On January 5, NASA released an image of the Andromeda galaxy, our closest galactic neighbour, captured by the NASA/ESA Hubble Space Telescope. The full image is made up of 411 Hubble images, takes you through a 100 million stars and travels over more than 40,000 light years. Well, a section of it anyway.
Prepare to feel extremely tiny and insignificant as you marvel at this fly-through video created by YouTuber daveachuk and make sure you stick around till the end. Seriously.
DECEMBER 16, 2014
BY: MINDA ZETLIN
A few hours of TV watching can give you a year’s worth of wisdom.
The presents have been opened. The guests have gone home. It’s time to get into your jammies and snuggle down on the sofa for some well-deserved relaxation and maybe a little TV: It’s a Wonderful Life, Miracle on 34th Street, or one of the many versions of A Christmas Carol. But if you’d like to start 2015 with a big dose of inspiration, consider spending some of your viewing time on 47 enlightening speeches published by TED during 2014.
To make this prospect as tempting as possible, the TED folks have assembled aneight-minute video of the highlights from these talks which is guaranteed to get you curious about at least a few of them (or all of them, if you’re me).
The TED folks have helpfully broken the talks down by theme, so you can go right for what interests you the most. Taken together, these videos add up to a quick infusion of insight, and some important lessons we should all take away from 2014:
1. Our world is an amazing place.
Chris Hadfield shares the view from the International Space Station. Fabien Cousteausuggests that we live in the oceans. Master musicians perform and record all over the world. And physicist Allan Adams finds the afterglow of the Big Bang.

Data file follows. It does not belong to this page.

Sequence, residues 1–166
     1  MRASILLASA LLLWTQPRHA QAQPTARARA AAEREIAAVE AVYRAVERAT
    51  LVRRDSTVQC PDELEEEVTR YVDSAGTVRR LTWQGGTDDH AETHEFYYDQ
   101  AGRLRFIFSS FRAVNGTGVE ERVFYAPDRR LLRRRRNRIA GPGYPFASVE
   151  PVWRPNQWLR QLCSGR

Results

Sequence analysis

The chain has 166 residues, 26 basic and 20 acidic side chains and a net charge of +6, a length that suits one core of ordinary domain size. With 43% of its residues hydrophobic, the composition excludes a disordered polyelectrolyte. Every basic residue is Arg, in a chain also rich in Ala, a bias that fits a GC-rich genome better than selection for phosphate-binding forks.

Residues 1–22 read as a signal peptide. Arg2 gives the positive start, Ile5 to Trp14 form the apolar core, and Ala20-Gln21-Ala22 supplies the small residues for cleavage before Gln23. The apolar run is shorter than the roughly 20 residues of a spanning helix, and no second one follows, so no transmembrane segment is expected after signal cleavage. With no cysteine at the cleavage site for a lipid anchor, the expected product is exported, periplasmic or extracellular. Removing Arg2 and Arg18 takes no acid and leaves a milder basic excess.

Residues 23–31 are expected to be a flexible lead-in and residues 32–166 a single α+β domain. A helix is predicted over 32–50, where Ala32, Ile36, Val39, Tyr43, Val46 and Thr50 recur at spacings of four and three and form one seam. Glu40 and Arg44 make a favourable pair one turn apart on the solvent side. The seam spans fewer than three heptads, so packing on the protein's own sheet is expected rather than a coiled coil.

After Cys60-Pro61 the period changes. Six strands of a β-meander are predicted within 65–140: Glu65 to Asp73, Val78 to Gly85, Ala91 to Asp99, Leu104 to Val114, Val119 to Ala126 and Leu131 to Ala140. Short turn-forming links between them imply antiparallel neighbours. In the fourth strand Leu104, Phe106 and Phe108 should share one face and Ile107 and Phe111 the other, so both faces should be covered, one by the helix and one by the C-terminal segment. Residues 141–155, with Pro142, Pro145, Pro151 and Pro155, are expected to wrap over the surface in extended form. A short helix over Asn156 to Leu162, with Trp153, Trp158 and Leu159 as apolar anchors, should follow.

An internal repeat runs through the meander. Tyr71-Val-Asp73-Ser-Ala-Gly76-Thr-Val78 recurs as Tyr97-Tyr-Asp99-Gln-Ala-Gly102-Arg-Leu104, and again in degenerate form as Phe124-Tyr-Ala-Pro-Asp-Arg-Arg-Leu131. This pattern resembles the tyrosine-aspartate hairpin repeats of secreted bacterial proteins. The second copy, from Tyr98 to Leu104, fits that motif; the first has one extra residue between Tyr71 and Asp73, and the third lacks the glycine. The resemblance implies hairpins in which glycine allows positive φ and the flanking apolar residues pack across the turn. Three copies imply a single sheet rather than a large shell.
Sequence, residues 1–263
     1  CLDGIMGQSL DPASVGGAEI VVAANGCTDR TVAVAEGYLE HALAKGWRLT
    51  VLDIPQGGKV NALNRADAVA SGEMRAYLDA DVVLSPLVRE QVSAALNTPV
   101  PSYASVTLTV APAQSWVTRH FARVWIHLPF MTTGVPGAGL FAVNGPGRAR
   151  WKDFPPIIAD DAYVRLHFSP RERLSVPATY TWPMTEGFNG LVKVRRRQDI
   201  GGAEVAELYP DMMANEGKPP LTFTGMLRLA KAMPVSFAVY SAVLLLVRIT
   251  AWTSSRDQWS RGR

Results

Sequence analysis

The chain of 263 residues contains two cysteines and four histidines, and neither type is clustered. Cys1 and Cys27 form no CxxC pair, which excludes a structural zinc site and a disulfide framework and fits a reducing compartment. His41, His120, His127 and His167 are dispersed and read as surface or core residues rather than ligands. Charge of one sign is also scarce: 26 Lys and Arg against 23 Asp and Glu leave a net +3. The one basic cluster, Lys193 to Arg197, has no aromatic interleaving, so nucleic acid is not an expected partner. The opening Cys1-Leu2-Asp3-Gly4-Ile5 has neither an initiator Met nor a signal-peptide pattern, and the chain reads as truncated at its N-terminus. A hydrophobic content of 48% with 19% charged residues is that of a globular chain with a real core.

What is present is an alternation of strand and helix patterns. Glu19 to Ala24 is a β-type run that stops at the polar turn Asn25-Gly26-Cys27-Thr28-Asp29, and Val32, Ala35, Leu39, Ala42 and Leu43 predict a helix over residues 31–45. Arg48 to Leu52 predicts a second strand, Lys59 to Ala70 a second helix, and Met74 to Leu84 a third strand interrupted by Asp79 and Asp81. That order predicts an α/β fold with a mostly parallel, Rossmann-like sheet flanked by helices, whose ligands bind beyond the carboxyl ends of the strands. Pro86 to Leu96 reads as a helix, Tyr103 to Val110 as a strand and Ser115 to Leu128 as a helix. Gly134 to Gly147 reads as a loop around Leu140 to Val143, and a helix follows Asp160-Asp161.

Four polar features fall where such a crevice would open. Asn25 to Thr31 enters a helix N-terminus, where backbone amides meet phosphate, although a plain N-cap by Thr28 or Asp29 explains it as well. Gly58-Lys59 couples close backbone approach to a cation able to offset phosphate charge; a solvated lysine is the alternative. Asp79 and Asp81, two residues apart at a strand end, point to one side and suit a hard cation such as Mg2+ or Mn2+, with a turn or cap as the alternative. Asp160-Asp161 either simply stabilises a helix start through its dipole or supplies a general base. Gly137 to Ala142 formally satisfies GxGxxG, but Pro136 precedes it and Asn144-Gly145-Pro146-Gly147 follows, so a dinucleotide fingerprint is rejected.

2. Medicine takes a leap forward.
Hugh Herr shows how bionics mean you don’t need to have legs to dance. Doctors on the cutting edge show how to find cancer way before it’s a threat and how to make a fold-up microscope for 50 cents. And one brave physician explains why patients and doctors are frightened of each other.
3. Might does not make right.
Visionaries take a closer look at what power really means, especially in the internet age. Meanwhile Simon Anholt and Michael Green remind us that rich countries don’t always do well by their own people or anyone else.
4. Economic inequality is not sustainable.
5. Big Data changes everything.
6. We can make the world better.
7. Being creative is a constant struggle.
8. We’re evolving, and so is English.
9. We can be better than we are.
Speakers from Isabel Allende to Gabby Giffords explore how we can be our best, most passionate selves. Those who’ve faced terrorism and prison explain how our past can be a reason to grow instead of shrink.
And finally, psychologist Dan Gilbert skewers our human misconception that who we are today will bear any resemblance to who we’re going to be in 10 years. “Human beings are works in progress that mistakenly think they’re finished,” he declares. That’s a truth we should all keep in mind as we head into 2015.